Emily has done a great job of reviewing Snowpiercer and providing some links to get us ready. I thought I’d do the same by sharing links to two “think pieces” on the movie — some heavy reading, actually. I’m not avoiding spoilers, so look away if that sort of thing bothers you.
A Snowpiercer Thinkpiece, Not to Be Taken Too Seriously, But For Very Serious Reasons
Snowpiercer is a truly chilling dystopia, then, because its world is fully self-contained, and sufficient. But the most insane thing about it is that it makes sense. And it crystallizes something firghtening about the psychic geography of late capitalism, a technologically-enhanced state of affairs in which the function of the oppressed masses is less and less to work and be exploited than to be excluded and to suffer. The first world, the movie might seem to argue, works less to provide its citizens with pleasure than to shape their desire by constructing others through their pain, lack, and death. Instead of giving Texans a health care system, for example, late capitalism gives them the illegal immigrant, to hate, to fear, and to dis-identify with. Prisons do more and more of the system-maintaining work that was once done by schools and hospitals: instead of giving us something to want, they give us something to fear, hate, and kill. And so, we eat ourselves.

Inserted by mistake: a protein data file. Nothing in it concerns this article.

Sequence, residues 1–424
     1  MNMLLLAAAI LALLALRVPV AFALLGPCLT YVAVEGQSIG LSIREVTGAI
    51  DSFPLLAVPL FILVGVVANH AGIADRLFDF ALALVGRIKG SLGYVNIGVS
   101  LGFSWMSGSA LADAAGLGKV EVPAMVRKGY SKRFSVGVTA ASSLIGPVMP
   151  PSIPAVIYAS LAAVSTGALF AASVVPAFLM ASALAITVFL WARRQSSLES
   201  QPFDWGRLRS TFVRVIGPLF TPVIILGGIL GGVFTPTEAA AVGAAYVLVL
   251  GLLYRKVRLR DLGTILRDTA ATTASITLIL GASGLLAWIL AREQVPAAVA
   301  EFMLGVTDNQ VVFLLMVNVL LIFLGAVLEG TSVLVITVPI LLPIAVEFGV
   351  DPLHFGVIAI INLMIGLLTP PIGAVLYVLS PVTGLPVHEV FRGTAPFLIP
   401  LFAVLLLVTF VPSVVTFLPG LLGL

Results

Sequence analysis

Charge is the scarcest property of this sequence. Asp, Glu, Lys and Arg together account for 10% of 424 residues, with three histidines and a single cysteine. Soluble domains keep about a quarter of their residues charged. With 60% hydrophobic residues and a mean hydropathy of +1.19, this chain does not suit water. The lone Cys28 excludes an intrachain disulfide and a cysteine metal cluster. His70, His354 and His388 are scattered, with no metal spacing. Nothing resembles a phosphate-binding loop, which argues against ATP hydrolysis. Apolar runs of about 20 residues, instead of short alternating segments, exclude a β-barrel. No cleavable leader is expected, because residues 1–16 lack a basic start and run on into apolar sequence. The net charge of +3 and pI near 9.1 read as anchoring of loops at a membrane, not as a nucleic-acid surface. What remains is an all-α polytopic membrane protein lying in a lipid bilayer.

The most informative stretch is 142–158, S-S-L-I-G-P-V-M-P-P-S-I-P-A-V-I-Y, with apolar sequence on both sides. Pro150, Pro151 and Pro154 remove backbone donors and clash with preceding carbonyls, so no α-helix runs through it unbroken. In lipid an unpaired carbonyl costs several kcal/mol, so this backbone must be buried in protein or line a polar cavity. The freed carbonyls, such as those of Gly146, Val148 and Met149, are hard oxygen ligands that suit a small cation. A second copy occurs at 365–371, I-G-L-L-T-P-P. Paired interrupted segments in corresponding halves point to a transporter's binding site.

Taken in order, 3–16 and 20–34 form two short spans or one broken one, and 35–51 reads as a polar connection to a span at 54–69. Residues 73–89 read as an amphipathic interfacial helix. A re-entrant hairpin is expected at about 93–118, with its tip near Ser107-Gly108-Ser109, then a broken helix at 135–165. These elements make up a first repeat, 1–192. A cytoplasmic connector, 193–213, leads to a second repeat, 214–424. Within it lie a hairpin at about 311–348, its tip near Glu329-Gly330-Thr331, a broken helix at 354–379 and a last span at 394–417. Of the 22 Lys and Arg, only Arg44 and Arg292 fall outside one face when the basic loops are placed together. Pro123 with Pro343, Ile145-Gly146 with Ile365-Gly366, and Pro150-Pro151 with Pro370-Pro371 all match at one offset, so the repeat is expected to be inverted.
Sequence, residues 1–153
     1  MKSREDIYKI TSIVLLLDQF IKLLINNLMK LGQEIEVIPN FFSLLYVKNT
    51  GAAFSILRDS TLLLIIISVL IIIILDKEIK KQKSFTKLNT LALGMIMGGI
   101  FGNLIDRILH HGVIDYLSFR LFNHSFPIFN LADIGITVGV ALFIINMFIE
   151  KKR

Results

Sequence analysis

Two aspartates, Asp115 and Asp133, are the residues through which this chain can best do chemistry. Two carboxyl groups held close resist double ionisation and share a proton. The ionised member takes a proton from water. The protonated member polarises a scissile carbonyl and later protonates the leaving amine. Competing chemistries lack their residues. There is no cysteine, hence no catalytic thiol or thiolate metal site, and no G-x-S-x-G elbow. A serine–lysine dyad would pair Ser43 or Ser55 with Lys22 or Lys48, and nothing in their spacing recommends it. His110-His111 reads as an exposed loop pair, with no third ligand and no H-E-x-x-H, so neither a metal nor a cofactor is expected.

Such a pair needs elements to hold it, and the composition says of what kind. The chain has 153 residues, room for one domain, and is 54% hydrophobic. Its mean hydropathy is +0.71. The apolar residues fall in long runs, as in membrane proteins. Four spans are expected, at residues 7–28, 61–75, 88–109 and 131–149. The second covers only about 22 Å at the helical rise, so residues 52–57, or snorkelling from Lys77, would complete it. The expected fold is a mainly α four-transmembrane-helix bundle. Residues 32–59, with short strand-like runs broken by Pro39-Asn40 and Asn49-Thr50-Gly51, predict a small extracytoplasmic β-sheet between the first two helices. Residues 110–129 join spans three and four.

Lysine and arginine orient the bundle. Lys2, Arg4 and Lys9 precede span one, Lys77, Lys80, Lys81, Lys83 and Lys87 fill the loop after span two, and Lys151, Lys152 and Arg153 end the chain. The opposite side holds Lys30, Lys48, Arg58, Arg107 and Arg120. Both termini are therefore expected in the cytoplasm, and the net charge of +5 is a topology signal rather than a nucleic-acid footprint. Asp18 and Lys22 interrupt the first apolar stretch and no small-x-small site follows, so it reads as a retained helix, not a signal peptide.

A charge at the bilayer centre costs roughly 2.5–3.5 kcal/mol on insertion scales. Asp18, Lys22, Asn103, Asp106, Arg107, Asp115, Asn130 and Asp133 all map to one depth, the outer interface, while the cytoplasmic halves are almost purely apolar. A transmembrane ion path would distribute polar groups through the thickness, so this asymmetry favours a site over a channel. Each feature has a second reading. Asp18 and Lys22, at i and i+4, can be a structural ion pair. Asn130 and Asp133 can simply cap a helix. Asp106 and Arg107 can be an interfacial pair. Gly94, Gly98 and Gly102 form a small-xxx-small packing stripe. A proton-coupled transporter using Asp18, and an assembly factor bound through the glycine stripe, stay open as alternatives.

Capitalism’s genius is its ability to co-opt every attempt at resistance; every revolution is engineered within the system, with the permission of the system, according to terms defined by the system. Which is why the exploitative conditions of capitalism–its visceral and mundane horrors–have persisted for so very long: they seem to be driven by a “sacred engine” which will run perfectly forever.